Risk and Reward in Stem Cell Products: A New Model for Stem Cell Product Liability
Stephen R. Munzer
University of California, Los Angeles (UCLA) - School of Law
June 6, 2012
Boston University Journal of Science and Technology Law, Vol. 18, pp. 102-49, 2012
UCLA School of Law, Law-Econ Research Paper No. 12-09
Stem cell products have the potential to give patients access to treatments and cures for diseases and conditions that are currently beyond the scope of modern medicine. There are not yet many stem cell products on the market in the United States, but soon there will be. It therefore makes sense to explore how we should deal with policy issues concerning these products now.
This Article examines the problem of how best to handle legal liability for any harm that stem cell products cause. At present, a complex patchwork of federal and state statutes and legal precedents determines whether makers of drugs, biologics, medical devices and combination products are liable for defects. None of these legal materials specifically addresses stem cell products. Because stem cell product development is in its infancy, and because the risks of stem cell products are largely unknown, it is critical that the correct legal regime be in force. Too much legal liability could inhibit research into stem cell product development. Not enough legal liability could unnecessarily harm patients and hinder the use of stem cell products.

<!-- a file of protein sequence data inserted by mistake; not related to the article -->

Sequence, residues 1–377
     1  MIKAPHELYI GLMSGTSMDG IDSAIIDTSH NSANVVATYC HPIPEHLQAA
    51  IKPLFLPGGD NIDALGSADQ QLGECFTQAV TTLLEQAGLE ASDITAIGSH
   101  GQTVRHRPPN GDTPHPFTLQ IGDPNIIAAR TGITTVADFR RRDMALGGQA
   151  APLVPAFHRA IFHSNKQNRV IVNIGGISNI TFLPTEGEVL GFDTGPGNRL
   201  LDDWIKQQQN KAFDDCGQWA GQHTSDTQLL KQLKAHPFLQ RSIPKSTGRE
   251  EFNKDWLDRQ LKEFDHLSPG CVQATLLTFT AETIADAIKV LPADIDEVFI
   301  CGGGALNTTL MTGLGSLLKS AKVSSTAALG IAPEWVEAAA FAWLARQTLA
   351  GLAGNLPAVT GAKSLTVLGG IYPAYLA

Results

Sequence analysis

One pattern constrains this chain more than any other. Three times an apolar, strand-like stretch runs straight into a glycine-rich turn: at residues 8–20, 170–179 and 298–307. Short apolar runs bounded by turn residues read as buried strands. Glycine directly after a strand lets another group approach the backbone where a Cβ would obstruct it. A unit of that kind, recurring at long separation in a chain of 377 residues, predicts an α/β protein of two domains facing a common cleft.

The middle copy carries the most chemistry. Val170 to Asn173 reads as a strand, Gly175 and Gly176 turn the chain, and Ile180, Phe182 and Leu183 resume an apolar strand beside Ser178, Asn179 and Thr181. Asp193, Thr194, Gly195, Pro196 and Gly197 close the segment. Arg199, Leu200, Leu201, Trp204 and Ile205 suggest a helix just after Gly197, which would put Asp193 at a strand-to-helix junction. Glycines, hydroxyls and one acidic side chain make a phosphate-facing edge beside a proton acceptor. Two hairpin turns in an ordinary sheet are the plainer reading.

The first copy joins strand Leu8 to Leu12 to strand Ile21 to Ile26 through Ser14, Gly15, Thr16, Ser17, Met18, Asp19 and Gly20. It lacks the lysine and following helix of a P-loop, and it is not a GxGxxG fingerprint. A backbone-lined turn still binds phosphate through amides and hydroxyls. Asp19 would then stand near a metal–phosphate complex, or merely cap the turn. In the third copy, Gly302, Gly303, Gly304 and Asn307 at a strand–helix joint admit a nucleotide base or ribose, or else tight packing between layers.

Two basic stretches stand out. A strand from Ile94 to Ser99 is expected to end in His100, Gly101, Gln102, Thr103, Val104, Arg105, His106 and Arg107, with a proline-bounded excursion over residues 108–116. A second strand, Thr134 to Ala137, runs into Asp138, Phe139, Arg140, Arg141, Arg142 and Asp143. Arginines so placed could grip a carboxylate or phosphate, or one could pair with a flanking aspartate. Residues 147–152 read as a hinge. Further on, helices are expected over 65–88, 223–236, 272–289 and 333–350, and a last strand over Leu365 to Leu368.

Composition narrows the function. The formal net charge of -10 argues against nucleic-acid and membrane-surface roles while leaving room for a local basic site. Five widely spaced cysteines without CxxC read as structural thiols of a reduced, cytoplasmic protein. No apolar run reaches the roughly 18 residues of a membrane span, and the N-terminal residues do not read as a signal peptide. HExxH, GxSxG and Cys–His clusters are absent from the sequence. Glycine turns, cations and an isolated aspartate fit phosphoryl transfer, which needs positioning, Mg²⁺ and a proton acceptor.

This Article crafts a proposal for what the legal rules ought to be for stem cell products to best benefit all parties involved. Far from indulging in standard neoclassical economic analysis, I employ work on bounded rationality, game theory, and other developments to come up with a proposal that has a better chance of working in the real world and with actual, non-maximizing individuals who have inadequate information. In brief, the proposal is a qualified system of strict liability for stem cell products in which patients and manufacturers contribute on a per-product basis to a compensation fund and the federal government acts as an insurer of last resort. Unlike most writing in this area, the liability proposal takes the ethics of risk imposition seriously.
Number of Pages in PDF File: 48
Keywords: biological products, biologics, combination products, economics of risk, ethics of risk, FDA, foundations of welfare economics, game theory, insurance, economic theory, product liability, risk, risk management, stem cells, stem cell products, tort law, uncertainty, welfare economicsAccepted Paper Series
Date posted: June 7, 2012
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